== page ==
Portions of proteins encoded by the ASE nucleic acid molecules of the invention are preferably biologically active portions of one of the ASEs. As used herein, the term “biologically active portion of an ASE” is intended to include a portion, e.g., a domain/motif, of an ASE that participates in the metabolism of compounds necessary for the construction of cellular membranes in microorganisms or plants, or in the transport of molecules across these membranes, or has an activity as set forth in Tab. 2. To determine whether an ASE or a biologically active portion thereof can participate in the metabolism of compounds necessary for the construction of cellular membranes in microorganisms or plants, or in the transport of molecules across these membranes, an assay of enzymatic activity may be performed. Such assay methods are well known to those skilled in the art, as detailed in Example 8 of the Examples.

Additional nucleic acid fragments encoding biologically active portions of an ASE can be prepared by isolating a portion of one of the sequences in SEQ ID NO: 2, expressing the encoded portion of the ASE or peptide (e.g., by recombinant expression in vitro) and assessing the activity of the encoded portion of the ASE or peptide.

The invention further encompasses nucleic acid molecules that differ from one of the nucleotide sequences shown in SEQ ID NO: 1 (and portions thereof) due to degeneracy of the genetic code and thus encode the same ASE as that encoded by the nucleotide sequences shown in SEQ ID NO: 1. In another embodiment, an isolated nucleic acid molecule of the invention has a nucleotide sequence encoding a protein having an amino acid sequence shown in SEQ ID NO: 2. In a further embodiment, the nucleic acid molecule of the invention encodes a full length Isochrysis galbana protein which is substantially homologous to an amino acid sequence of SEQ ID NO: 2 (encoded by an open reading frame shown in SEQ ID NO: 1).

In addition to the Isochrysis galbana ASE nucleotide sequences shown in SEQ ID NO: 1, it will be appreciated by those skilled in the art that DNA sequence polymorphisms that lead to changes in the amino acid sequences of ASEs may exist within a population (e.g., the Isochrysis galbana population). Such genetic polymorphisms in the ASE gene may exist among individuals within a population due to natural variation. As used herein, the terms “gene” and “recombinant gene” refer to nucleic acid molecules comprising an open reading frame encoding an ASE, preferably an Isochrysis galbana ASE. Such natural variations can typically result in 1-5% variance in the nucleotide sequence of the ASE gene. Any and all such nucleotide variations and resulting amino acid polymorphisms in ASE that are the result of natural variation and that do not alter the functional activity of ASEs are intended to be within the scope of the invention.

Nucleic acid molecules corresponding to natural variants and non-Isochrysis galbana homologs of the Isochrysis galbana ASE cDNA of the invention can be isolated based on their homology to Isochrysis galbana ASE nucleic acid disclosed herein using the Isochrysis galbana cDNA, or a portion thereof, as a hybridization probe according to standard hybridization techniques under stringent hybridization conditions. Accordingly, in another embodiment, an isolated nucleic acid molecule of the invention is at least 15 nucleotides in length and hybridizes under stringent conditions to the nucleic acid molecule comprising a nucleotide sequence of SEQ ID NO: 1. In other embodiments, the nucleic acid is at least 25, 50, 100, 250 or more nucleotides in length. As used herein, the term “hybridizes under stringent conditions” is intended to describe conditions for hybridization and washing under which nucleotide sequences at least 60% homologous to each other typically remain hybridized to each other. Preferably, the conditions are such that sequences at least about 65%, more preferably at least about 70%, and even more preferably at least about 75% or more homologous to each other typically remain hybridized to each other. Such stringent conditions are known to those skilled in the art and can be found in Current Protocols in Molecular Biology, John Wiley & Sons, New York (1989), 6.3.1-6.3.6. A preferred, nonlimiting example of stringent hybridization conditions is hybridization in 6× sodium chloride/sodium citrate (SSC) at about 45 degree C., followed by one or more washes in 0.2×SSC, 0.1% SDS at 50-65 degree C. Preferably, an isolated nucleic acid molecule of the invention that hybridizes under stringent conditions to a sequence of SEQ ID NO: 1 corresponds to a naturally-occurring nucleic acid molecule. As used herein, a “naturally-occurring” nucleic acid molecule refers to an RNA or DNA molecule having a nucleotide sequence that occurs in nature, (e.g., encodes a natural protein). In one embodiment, the nucleic acid encodes a natural Isochrysis galbana ASE.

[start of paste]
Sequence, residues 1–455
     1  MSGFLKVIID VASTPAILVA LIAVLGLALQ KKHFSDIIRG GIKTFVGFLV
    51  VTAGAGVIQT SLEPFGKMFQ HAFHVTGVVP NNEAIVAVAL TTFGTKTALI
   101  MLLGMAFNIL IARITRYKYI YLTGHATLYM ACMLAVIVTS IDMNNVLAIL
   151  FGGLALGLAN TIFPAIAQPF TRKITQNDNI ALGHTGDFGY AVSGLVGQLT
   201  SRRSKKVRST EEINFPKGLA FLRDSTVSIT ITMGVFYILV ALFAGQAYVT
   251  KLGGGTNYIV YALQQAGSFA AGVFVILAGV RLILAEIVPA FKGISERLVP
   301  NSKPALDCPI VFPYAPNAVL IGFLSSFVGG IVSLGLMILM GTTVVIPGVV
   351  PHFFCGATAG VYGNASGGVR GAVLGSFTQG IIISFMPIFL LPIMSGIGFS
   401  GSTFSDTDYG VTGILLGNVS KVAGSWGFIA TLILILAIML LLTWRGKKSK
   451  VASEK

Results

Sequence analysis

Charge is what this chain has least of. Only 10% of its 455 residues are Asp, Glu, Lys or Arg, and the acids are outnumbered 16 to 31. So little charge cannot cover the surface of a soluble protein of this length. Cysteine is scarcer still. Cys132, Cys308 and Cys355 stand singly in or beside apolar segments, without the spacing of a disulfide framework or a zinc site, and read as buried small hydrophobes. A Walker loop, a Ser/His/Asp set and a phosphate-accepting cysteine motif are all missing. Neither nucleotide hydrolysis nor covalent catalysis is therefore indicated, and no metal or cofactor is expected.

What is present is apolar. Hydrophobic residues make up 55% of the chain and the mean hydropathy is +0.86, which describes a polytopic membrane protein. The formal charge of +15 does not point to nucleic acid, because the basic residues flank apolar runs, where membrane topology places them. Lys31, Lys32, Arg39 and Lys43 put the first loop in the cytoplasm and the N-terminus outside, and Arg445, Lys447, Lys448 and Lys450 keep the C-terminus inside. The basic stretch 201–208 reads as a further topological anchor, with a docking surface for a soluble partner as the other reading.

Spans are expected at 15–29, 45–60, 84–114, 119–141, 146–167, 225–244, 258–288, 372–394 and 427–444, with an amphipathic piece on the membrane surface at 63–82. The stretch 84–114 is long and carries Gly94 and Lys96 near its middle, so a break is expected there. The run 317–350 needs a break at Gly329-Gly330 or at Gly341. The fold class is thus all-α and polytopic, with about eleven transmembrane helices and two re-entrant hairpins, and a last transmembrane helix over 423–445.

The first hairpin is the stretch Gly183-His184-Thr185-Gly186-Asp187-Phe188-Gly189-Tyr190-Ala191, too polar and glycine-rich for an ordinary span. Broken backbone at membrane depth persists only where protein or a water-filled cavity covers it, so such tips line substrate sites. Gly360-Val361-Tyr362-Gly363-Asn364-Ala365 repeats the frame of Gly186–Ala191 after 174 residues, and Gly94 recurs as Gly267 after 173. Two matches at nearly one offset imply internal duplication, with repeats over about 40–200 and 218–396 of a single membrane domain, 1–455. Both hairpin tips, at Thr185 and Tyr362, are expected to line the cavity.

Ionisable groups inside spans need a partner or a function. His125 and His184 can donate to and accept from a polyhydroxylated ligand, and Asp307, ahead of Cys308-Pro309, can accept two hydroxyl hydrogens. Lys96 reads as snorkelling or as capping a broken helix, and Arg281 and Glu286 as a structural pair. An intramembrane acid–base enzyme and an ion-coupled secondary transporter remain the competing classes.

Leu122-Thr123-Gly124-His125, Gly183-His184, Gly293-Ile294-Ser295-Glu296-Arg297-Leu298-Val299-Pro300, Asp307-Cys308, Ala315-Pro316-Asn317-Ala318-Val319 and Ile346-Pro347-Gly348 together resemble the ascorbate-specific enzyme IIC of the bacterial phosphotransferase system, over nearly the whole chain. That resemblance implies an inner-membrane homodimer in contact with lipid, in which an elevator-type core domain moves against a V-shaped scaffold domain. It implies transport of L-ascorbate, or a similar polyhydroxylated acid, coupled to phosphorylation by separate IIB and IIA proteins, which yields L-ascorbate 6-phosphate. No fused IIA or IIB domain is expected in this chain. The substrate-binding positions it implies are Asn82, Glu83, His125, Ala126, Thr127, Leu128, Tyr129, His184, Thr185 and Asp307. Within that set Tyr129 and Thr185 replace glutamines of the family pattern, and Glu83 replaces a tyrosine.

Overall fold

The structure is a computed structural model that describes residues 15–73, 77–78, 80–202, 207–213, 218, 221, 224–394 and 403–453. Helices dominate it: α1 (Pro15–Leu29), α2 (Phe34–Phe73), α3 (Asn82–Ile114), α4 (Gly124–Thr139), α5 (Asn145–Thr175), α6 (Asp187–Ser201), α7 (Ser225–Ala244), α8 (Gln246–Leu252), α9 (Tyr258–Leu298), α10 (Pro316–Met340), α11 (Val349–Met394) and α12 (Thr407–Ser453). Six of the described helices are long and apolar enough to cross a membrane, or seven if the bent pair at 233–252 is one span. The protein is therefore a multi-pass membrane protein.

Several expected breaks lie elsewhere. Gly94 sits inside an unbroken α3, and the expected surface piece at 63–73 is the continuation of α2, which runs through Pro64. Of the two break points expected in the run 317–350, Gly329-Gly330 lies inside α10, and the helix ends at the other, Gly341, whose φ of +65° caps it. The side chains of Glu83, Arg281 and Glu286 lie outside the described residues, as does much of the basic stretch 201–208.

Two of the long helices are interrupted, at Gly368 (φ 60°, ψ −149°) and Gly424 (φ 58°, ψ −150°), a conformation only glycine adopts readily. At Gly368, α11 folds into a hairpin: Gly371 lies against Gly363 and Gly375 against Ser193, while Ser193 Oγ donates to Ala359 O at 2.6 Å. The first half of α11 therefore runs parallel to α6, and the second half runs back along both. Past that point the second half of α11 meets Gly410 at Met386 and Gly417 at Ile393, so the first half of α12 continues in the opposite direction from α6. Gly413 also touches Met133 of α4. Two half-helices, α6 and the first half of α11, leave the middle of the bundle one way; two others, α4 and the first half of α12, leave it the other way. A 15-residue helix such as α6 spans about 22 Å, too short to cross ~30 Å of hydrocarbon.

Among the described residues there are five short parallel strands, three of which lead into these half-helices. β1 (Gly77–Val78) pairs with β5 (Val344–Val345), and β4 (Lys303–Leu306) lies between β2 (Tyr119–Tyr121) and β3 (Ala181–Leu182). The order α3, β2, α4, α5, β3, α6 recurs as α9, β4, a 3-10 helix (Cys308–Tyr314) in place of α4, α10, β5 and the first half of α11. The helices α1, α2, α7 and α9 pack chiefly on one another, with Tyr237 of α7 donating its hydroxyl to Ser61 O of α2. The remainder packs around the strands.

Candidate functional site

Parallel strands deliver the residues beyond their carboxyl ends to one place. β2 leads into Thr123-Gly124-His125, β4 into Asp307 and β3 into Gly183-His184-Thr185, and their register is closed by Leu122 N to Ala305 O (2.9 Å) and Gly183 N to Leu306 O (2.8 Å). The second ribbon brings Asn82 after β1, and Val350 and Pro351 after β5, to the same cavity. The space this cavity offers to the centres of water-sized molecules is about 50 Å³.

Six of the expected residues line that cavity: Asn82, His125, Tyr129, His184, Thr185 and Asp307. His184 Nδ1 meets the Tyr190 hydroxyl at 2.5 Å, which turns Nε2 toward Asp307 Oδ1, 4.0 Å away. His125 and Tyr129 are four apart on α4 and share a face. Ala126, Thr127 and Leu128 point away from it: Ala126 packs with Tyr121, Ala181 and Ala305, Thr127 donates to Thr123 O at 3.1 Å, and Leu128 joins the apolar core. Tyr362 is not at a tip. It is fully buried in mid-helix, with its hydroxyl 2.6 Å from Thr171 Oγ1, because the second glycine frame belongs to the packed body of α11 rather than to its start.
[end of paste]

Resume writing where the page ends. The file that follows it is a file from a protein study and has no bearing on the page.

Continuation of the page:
In addition to naturally-occurring variants of the ASE sequence that may exist in the population, the skilled artisan will further appreciate that changes can be introduced by mutation into a nucleotide sequence of SEQ ID NO: 1, thereby leading to changes in the amino acid sequence of the encoded ASE, without altering the functional ability of the ASE. For example, nucleotide substitutions leading to amino acid substitutions at “nonessential” amino acid residues can be made in a sequence of SEQ ID NO: 1. A “nonessential” amino acid residue is a residue that can be altered from a wild-type sequence of one of the ASEs (SEQ ID NO: 2) without altering the activity of said ASE, whereas an “essential” amino acid residue is required for ASE activity. Other amino acid residues, however, (e.g., those that are not conserved or only semiconserved in the domain having ASE activity) may not be essential for activity and thus are likely to be amenable to alteration without altering ASE activity.